Always bring a lightweight flashlight to give yourself the option of hiking out after dark in the event that illness, injury, or enjoyment should slow you down.
Warning! Summer thunderstorms bring lightning. Read the Lightning Danger Site Bulletin.
Average Temperatures in the Inner Canyon
KEEP YOURSELF SOAKING WET TO STAY COOL.
This is one of the best things that you can do for yourself, it will help decrease your core body temperature. Whenever you are near water, make sure that you wet (actually soak) yourself down. If you hike while soaking wet you will stay reasonably cool. This will make a wonderful difference in how well you feel, especially at the end of the day!
WATCH OUT FOR THESE HEALTH HAZARDS!
HEAT EXHAUSTION - The result of dehydration due to intense sweating. Hikers can lose one or two quarts (liters) of water per hour. Rangers at Phantom Ranch and Indian Garden treat many cases of heat exhaustion each day in summer.
Symptoms: pale face, nausea, vomiting, cool and moist skin, headache, cramps.
Treatment: drink water with electrolytes, eat high-energy foods (with fats and sugars), rest in the shade for 30-45 minutes, and cool the body by getting wet.
Symptoms: flushed face, dry skin, weak and rapid pulse, high core body temperature, confusion, poor judgment or inability to cope, unconsciousness, seizures.
Treatment: the heatstroke victim must be cooled immediately! Continuously pour water on the victim's head and torso, fan to create an evaporative cooling effect. Immerse the victim in cold water if possible. Move the victim to shade and remove excess clothing. The victim needs evacuation to a hospital. Someone should go for help while attempts to cool the victim continue.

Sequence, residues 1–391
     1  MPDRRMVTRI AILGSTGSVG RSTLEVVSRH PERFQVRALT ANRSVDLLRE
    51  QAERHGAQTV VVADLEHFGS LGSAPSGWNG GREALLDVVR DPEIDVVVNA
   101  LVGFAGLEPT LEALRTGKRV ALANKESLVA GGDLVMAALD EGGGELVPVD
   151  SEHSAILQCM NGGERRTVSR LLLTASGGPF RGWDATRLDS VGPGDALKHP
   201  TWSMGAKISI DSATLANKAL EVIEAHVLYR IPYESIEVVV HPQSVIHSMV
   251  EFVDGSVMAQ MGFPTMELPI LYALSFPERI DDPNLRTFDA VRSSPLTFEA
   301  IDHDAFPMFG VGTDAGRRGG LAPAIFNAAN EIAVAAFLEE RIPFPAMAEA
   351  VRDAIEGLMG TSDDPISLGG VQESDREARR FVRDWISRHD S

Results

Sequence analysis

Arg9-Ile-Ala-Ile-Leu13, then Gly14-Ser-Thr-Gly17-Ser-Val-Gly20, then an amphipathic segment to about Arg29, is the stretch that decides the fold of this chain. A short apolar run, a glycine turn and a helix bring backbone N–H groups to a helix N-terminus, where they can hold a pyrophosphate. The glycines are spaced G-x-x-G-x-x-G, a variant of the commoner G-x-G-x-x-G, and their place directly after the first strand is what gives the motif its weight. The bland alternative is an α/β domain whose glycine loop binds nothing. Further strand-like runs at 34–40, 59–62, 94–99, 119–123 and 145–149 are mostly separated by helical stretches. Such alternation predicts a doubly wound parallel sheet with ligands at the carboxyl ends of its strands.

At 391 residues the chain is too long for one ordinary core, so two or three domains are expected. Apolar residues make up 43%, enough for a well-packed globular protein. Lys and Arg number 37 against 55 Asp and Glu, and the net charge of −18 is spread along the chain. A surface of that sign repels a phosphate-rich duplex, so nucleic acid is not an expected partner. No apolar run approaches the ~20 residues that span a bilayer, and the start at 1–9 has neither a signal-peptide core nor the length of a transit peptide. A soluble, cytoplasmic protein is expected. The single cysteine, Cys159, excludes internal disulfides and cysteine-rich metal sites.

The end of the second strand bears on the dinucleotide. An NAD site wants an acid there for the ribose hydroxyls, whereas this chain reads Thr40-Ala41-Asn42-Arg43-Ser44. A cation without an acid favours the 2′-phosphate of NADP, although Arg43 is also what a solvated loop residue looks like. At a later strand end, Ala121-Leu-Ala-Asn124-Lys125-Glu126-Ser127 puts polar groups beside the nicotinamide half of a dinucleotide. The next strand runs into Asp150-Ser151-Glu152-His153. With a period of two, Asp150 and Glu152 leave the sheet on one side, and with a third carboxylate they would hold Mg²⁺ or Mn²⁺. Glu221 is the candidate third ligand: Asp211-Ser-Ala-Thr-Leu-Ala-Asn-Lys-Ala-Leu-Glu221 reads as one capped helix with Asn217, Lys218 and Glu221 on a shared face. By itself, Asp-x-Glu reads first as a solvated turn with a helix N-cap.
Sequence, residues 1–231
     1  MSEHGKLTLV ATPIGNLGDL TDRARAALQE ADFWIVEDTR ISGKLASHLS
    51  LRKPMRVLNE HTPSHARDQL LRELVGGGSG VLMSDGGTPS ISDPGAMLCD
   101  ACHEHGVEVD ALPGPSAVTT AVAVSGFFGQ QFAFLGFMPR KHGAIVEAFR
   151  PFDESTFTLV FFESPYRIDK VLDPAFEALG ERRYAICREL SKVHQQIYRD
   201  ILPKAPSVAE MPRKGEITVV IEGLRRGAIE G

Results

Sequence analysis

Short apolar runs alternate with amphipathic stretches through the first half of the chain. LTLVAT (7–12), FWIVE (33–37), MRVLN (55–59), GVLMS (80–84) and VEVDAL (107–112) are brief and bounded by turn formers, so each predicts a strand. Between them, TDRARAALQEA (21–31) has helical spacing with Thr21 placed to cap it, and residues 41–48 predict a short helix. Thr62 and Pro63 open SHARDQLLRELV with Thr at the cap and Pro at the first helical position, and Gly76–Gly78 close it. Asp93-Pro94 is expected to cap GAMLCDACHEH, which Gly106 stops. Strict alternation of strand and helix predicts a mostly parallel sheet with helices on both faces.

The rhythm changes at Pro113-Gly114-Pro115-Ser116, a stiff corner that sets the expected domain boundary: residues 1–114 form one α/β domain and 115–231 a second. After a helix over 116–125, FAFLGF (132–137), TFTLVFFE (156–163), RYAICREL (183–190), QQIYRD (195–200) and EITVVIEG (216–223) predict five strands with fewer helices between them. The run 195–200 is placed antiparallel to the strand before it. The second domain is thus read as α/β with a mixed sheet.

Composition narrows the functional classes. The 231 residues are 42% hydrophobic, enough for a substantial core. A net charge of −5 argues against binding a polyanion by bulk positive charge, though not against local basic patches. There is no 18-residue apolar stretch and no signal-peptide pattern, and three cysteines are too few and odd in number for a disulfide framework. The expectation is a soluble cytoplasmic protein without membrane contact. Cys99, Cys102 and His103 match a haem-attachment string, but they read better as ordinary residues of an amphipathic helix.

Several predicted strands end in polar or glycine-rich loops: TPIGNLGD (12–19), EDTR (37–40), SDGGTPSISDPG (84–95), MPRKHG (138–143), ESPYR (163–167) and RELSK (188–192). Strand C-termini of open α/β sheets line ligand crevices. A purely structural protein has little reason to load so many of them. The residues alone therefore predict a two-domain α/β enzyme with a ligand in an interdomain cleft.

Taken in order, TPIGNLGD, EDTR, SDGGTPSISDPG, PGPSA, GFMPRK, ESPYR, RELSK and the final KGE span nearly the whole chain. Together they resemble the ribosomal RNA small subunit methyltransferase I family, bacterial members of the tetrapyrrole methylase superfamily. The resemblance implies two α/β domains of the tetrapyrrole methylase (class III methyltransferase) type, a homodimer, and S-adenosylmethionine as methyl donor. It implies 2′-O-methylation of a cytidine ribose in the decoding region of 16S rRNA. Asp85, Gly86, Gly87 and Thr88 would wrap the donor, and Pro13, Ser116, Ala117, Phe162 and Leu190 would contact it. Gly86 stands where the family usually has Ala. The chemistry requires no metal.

Symptoms: nausea, vomiting, altered mental states, confusion, frequent urination. The victim may appear intoxicated. In extreme cases seizures may occur.
Treatment: have the victim eat salty foods, slowly drink sports drinks with electrolytes, and rest in the shade. If mental alertness decreases, seek immediate help!
Symptoms: uncontrolled shivering, poor muscle control, careless attitude. Look for signs of the "umbles" - stumbling, mumbling, fumbling, grumbling.
Treatment: remove wet clothing and put on dry clothing, drink warm sugary liquids, warm victim by body contact with another person, protect from wind, rain, and cold.
Avoid hypothermia by checking at Canyon View Information Plaza or the Backcountry Information Center for the latest weather and trail conditions, taking layered clothing for protection against cold and wet weather, eating frequently, replacing fluids and electrolytes by drinking before feeling thirsty, and avoiding exposure to wet weather.
Did You Know?
There are different river trip opportunities through Grand Canyon National Park, including professionally guided raft trips, available to the public and often reserved a year or two in advance; and self-guided, or "private" river trips, made available to the public through a weighted lottery. More...